To this end, criteria for the protection of workers and members of the public against risks derived from ionising radiation are applied to all nuclear plant practices. Applicable legislation in Spain on radiological protection is the Regulations for Health Protection against Ionising Radiation contemplated in the most recent European Directives on this matter. Both national laws as well as European directives are founded upon principles and criteria set forth by the International Atomic Energy Agency (IAEA) and the International Commission on Radiological Protection (ICRP).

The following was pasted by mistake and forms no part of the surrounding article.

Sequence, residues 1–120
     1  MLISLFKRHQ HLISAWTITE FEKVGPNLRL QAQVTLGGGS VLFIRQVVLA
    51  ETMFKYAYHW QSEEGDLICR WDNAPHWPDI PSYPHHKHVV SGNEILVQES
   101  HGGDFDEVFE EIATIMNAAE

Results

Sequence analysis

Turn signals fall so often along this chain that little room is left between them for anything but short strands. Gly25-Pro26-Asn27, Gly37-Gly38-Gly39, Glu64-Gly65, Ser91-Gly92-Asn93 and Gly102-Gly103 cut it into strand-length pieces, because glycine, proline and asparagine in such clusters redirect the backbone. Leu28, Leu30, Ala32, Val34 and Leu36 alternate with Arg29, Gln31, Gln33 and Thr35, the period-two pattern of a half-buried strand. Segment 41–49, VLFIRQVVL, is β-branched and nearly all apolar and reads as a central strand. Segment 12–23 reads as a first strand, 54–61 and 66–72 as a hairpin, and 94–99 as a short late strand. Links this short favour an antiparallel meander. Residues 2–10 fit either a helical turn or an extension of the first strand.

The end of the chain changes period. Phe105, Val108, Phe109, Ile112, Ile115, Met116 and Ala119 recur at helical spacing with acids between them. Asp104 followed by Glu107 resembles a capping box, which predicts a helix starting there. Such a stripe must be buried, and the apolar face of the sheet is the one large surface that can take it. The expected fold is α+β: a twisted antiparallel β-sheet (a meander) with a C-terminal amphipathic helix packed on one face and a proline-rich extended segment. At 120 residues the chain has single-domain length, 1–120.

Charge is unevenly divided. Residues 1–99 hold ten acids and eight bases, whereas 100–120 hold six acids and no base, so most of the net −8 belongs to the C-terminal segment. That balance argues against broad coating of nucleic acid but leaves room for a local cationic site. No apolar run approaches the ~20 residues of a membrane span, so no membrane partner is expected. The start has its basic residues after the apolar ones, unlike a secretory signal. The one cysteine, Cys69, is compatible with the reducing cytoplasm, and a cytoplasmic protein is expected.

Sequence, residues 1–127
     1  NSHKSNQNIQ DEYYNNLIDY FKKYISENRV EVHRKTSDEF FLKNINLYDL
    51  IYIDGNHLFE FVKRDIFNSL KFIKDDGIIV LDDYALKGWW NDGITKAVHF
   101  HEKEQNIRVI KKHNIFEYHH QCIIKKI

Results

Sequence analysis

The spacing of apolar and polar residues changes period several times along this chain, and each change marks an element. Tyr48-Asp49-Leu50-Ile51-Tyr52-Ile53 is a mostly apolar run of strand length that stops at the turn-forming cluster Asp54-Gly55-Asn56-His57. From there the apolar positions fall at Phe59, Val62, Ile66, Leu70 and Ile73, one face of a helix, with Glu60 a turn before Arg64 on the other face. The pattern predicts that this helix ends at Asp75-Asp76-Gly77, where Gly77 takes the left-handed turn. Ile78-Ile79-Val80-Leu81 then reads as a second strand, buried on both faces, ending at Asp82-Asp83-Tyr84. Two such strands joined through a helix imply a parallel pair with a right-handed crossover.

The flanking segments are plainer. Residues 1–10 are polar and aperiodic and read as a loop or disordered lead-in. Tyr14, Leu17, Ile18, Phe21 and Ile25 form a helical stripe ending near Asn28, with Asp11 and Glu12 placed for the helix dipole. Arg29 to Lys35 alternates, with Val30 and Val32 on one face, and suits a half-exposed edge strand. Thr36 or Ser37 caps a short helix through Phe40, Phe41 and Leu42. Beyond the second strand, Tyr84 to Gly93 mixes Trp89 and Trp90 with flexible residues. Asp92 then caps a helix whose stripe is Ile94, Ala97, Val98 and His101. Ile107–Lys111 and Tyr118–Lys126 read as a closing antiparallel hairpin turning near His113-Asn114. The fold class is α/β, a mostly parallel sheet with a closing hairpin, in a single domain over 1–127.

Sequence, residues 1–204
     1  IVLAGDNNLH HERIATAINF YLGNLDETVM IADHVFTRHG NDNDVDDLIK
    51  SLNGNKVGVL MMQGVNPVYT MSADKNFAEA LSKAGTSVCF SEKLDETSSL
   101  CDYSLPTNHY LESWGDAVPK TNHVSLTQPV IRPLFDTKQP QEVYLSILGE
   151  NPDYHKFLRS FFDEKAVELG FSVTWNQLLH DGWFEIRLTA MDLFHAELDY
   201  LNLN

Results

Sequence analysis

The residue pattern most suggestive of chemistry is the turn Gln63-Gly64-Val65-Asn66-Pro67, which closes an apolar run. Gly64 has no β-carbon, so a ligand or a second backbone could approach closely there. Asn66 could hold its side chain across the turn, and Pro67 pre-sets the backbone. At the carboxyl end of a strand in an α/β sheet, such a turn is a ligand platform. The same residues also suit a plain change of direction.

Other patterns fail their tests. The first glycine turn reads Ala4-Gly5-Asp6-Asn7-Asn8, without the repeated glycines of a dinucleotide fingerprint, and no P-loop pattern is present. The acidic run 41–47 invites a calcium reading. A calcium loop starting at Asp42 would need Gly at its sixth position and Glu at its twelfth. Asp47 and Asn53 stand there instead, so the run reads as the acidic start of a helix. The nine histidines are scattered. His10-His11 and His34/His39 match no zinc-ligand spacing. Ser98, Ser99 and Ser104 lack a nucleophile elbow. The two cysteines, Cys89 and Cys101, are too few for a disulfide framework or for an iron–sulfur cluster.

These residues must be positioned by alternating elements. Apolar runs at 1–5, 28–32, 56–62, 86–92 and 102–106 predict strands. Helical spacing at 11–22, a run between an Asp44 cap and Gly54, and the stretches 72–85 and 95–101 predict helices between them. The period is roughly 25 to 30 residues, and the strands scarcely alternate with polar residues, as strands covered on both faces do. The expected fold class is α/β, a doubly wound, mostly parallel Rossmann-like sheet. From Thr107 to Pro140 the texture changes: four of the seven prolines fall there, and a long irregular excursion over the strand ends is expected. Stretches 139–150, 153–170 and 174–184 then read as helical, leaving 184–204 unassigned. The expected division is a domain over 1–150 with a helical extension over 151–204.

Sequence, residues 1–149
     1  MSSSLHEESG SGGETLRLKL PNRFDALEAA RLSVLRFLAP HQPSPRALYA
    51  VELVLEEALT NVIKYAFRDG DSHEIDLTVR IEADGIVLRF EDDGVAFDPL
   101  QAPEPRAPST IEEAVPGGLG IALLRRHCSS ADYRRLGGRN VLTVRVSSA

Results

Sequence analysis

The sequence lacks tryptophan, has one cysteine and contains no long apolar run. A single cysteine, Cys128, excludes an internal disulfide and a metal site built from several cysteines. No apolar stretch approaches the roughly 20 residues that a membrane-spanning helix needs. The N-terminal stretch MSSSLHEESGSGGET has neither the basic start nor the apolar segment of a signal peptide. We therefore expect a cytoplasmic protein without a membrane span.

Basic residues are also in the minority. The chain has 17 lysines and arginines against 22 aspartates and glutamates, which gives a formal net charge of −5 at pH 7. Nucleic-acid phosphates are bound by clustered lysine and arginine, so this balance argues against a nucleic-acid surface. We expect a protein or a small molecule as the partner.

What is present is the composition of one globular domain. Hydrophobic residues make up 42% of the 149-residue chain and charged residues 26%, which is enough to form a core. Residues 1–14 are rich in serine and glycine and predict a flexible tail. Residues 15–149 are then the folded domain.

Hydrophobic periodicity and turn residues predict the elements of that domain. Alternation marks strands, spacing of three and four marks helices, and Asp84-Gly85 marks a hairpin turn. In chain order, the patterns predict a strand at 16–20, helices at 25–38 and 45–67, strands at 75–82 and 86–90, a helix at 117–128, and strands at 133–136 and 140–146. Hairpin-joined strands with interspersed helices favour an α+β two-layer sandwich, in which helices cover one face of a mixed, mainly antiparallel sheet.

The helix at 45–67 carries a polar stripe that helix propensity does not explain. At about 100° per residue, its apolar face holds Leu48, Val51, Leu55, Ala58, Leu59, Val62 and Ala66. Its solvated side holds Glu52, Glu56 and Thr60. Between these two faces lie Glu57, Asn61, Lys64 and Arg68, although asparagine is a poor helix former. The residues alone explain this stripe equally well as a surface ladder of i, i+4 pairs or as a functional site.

The Nuclear Generation Division maintains a Radiological Protection Service at each nuclear plant for which the Service Manager (title granted by the Consejo de Seguridad Nuclear upon the successful passing of an examination) is responsible.

    The two basic radiation protection principles applicable to the operation of nuclear power plants are the limitation and the optimization of doses to workers and the public.

    The limitation principle is effectively achieved by a sound implementation of the optimization principle. Should an extremely improbable event occur where a dose limit is exceeded, there are provisions in the Radiation Protection Manual about how to manage the case.